sam-hunt-super-bowl-51-2017-concertPITTSBURGH – Music is largely based on mood. What music fits this moment I’m currently in?

Driving down the highway on a sunny, 75° degree day would likely elicit a different mental response than sitting inside a cold apartment, when it’s rainy and 43° degrees outside. There are millions of different scenarios like this – this is just one.

But it’s an important part of making and curating playlists, especially when it comes to specific genres of music, relative to the playlist you are making.

For instance, my personal preference of listening to country music largely depends on the weather. And because 95% of the country songs I prefer are of the ‘upbeat’ variety, listening to upbeat songs usually doesn’t fit the mood of the cold, dreary winter months¹

But now, with April upon us and the summer months on the horizon, the country songs and playlists on my iPhone are getting more and more streams each and everyday.

Below is a list of 11 songs that are currently in heavy rotation. They are ordered in sequence of when they were added to the playlist – not in order of best to worst.

IMG_8674

1) Sam Hunt: “Body Like A Back Road”

Body Like A Back Road” sounds like a lost John Mayer song circa 2003 – 2006. From the bluesy guitar lick that kicks off the song, through the laid back vibe, all the way to the lyrics. This is a good thing (especially since this song is much, much better than anything from Mayer’s most recent album – “The Search For Everything”). Sam Hunt nails the mood with a nice blend of his singing/talking style – more singing, less talking here. Some nice production techniques (snaps, whistles, handclaps, ad libs and background ‘hey, hey, hey’ vocals during the chorus).

IMG_8675

2) Thomas Rhett“Craving You” (feat. Maren Morris)

Holy 80’s. Has Thomas Rhett been listening to M83’s “Midnight City” non-stop for the past two years? While this may sound like a pejorative, much like Sam Hunt/John Mayer from above, this is also a good thing. Rhett has dabbled in these sounds before (“Anthem” for starters and “Make Me Wanna” – even though the latter is more 70’s disco). Plus, this is where a lot of country music has headed, production-wise, over the past few years (hello, Kip Moore!). Ultimately, this is another great offering from Rhett. From the slapback echo on the drums to clean guitar lines and synths (as well as the cover artwork), this is a step in the right direction for Rhett’s next album.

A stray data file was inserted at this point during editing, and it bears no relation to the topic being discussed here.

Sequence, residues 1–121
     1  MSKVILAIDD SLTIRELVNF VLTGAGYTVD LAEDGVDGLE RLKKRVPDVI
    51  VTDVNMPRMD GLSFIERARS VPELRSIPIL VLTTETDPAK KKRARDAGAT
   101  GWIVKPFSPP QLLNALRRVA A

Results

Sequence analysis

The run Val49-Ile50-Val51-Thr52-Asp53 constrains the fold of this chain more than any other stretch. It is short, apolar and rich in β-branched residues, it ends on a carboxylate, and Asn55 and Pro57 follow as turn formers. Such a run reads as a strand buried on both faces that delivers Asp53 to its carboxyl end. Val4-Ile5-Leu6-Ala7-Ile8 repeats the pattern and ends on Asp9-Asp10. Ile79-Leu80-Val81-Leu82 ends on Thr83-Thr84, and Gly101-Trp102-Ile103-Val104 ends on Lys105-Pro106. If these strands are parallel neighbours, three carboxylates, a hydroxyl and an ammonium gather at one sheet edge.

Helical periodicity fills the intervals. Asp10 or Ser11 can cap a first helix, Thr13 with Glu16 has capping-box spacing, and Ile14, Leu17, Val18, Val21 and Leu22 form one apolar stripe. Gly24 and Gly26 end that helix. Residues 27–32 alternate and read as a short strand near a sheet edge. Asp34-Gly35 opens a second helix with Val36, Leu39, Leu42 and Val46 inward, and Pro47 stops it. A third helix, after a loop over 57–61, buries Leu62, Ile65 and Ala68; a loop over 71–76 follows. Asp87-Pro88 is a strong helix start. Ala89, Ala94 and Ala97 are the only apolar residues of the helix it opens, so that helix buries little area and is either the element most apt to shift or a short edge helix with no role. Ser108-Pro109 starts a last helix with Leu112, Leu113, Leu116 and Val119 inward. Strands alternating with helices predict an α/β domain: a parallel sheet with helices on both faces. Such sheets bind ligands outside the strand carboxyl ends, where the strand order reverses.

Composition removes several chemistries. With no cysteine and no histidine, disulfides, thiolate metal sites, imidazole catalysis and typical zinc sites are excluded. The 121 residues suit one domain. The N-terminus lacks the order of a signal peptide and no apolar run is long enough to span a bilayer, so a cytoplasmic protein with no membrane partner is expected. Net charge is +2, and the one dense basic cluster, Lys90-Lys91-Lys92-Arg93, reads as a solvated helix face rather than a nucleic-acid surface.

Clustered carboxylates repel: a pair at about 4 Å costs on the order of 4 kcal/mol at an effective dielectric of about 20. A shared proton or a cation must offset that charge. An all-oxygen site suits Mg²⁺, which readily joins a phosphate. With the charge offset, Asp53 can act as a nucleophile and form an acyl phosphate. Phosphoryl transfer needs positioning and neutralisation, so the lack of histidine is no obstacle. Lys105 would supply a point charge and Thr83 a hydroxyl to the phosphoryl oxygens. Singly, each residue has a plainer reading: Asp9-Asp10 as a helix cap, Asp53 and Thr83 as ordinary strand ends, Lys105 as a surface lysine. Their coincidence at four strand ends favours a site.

IMG_8676

3) Brad Paisley“Last Time For Everything”

Continuing with the 80’s theme…renowned guitar virtuoso Brad Paisley begins “Last Time For Everything” with an arpeggiated guitar line that hearkens back to the Police and songs like “Every Breathe You Take”. Here, it works well within the framework of the song’s central theme that bounces back between both the serious and lighthearted. Ultimately, Paisley is one of the few who can deliver lyrics in straightforward manner like this, without sounding too cheesy or cringe-inducing. Plus, he peppers his songs with tasty guitar licks and solos that are measured, and always fit well in the song.

IMG_8677

4) Brett Eldredge “Somethin’ I’m Good At” 

Brett Eldredge returns to follow-up his highly successful “Illinois” with the jubilant “Somethin’ I’m Good At” – a cross between an upbeat Zac Brown Band song, with a hint of Avett Brothers-esque euphoria thrown in for good measure. Based around a rolling (and rollicking) drum beat, Eldredge packs the song to the gills with tons of ear candy (ad libs, banjo, hand claps, accordion and slide guitar) but never lets the song feel cluttered or lose focus. Plus, he’s given multiple avenues to showcase his vocal range and ability (especially in the bridge following the guitar solo that leads to the third chorus, as well as the verse following that chorus). Great song for the summer months, indeed

IMG_8680

5) Aaron Watson – “These Old Boots Have Roots” 

The most underrated song of this group of six, sung by one of the most underrated singers in country music today. From the fiddle and chiming guitars that kick things off, to the driving rhythm and melodic flourishes, capped off by a chorus that just begs to be cranked to 11, Watson nails every aspect of the song while keeping true to his Texas roots. A fantastic effort from a guy who has many more like this in his repertoire.

IMG_8683

6) Chris Stapleton“Broken Halos”

After a short hiatus following a whirlwind 18 months of touring, appearances and influencing country music, Stapleton is back with another offering that sticks close to his brand of old-school country, southern rock and blues. “Broken Halos” is simple in its tone, delivery and message – Stapleton’s acoustic guitar rings out over his earthy, gritty vocals, keeping pace with the songs smooth, languid beat. His wife joins him for background vocal accompanyment just as she did on his previous album to smooth out the rough edges. It seems Stapleton is going to deliver more of what got him to the precipice of country music stardom with his new album, as this excellent debut track demonstrates.

Footnotes

  1. Moreover, the large majority of country songs I like describe some activity that is either outdoor based, or involves something in the Southern part of the country. None of this is evocative of Pittsburgh during the winter months. Plus, I don’t subscribe to the “this songs helps me think of the beach and gets me through the winter” theory of liking certain songs.
Advertisements